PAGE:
Implementing our Own Hash Table with Separate Chaining in Java
All data structure has its own special characteristics, for example, a BST is used when quick searching of an element (in log(n)) is required. A heap or a priority queue is used when the minimum or maximum element needs to be fetched in constant time. Similarly, a hash table is used to fetch, add and remove an element in constant time. Anyone must be clear with the working of a hash table before moving on to the implementation aspect. So here is a brief background on the working of a hash table, and also it should be noted that we will be using Hash Map and Hash Table terminology interchangeably though in Java HashTables are thread-safe while HashMaps are not.
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But it is strongly recommended that one must read this blog completely and try and decipher the nitty-gritty of what goes into implementing a hash map and then try to write the code yourself.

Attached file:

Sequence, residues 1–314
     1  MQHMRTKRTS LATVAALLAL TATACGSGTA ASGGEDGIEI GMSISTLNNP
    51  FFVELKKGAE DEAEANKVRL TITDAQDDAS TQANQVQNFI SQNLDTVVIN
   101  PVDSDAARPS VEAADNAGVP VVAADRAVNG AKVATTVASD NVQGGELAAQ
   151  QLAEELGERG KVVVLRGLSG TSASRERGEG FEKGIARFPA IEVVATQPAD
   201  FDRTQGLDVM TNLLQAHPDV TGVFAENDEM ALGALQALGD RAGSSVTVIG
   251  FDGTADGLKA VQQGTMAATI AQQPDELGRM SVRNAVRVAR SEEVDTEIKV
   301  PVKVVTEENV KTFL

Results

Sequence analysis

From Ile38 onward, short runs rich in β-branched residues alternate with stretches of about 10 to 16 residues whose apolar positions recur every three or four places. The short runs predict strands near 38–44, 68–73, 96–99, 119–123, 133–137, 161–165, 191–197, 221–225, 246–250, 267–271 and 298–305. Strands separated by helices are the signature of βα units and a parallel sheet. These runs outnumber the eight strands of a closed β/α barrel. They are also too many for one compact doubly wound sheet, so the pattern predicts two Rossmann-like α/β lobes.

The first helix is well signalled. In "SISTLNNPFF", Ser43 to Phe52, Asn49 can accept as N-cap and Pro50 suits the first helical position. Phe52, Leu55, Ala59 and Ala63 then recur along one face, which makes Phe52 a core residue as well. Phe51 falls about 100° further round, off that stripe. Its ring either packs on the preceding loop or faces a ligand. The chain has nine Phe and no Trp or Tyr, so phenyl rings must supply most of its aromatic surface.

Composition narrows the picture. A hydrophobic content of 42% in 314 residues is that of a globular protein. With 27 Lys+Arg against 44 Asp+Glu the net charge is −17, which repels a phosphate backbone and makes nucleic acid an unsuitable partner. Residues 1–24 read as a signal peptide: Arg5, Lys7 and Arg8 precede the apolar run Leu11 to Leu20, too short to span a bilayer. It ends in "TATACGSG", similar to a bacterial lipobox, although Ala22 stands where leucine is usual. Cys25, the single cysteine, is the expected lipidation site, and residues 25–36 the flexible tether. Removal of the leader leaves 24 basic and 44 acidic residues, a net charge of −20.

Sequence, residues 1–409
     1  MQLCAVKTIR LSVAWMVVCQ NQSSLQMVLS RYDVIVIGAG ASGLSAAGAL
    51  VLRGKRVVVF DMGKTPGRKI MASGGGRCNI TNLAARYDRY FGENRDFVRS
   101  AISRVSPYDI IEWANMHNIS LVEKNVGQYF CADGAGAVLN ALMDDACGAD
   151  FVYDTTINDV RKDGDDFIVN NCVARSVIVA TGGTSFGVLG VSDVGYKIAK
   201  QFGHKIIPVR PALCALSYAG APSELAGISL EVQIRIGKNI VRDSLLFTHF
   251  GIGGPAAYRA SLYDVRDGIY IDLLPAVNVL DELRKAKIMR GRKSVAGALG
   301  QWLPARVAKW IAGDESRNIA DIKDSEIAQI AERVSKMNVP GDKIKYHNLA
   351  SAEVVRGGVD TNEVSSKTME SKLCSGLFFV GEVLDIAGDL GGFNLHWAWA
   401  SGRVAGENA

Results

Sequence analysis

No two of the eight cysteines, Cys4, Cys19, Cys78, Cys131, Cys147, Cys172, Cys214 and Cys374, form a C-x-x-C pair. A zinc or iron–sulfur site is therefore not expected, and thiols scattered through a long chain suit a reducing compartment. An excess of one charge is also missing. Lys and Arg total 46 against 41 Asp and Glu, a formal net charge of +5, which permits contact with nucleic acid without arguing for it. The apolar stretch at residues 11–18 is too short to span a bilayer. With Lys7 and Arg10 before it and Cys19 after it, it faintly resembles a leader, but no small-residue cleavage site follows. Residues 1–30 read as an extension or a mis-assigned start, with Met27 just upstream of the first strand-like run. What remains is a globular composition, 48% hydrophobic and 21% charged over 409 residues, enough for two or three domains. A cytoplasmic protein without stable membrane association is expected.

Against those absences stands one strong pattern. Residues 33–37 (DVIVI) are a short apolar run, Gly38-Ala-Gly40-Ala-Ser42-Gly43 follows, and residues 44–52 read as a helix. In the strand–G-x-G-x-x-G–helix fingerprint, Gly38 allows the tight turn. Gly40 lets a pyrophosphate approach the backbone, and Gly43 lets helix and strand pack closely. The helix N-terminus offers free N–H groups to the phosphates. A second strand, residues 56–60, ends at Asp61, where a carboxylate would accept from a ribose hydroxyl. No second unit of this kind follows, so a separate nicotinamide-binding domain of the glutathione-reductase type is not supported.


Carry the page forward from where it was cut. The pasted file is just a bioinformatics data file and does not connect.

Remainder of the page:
Every hash-table store data in the form of a (key, value) combination. Interestingly every key is unique in a Hash Table but values can repeat which means values can be the same for different keys present in it. Now as we observe in an array to fetch a value we provide the position/index corresponding to the value in that array. In a Hash Table, instead of an index, we use a key to fetch the value corresponding to that key. Now the entire process is described below
Every time a key is generated. The key is passed to a hash function. Every hash function has two parts a Hash code and a Compressor.
Hash code is an Integer number (random or non-random). In Java, every object has its own hash code. We will use the hash code generated by JVM in our hash function and compress the hash code we modulo(%) the hash code by the size of the hash table. So modulo operator is a compressor in our implementation.
The entire process ensures that for any key, we get an integer position within the size of the Hash Table to insert the corresponding value.
So the process is simple, the user gives a (key, value) pair set as input, and based on the value generated by the hash function an index is generated to where the value corresponding to the particular key is stored. So whenever we need to fetch a value corresponding to a key, that is just O(1).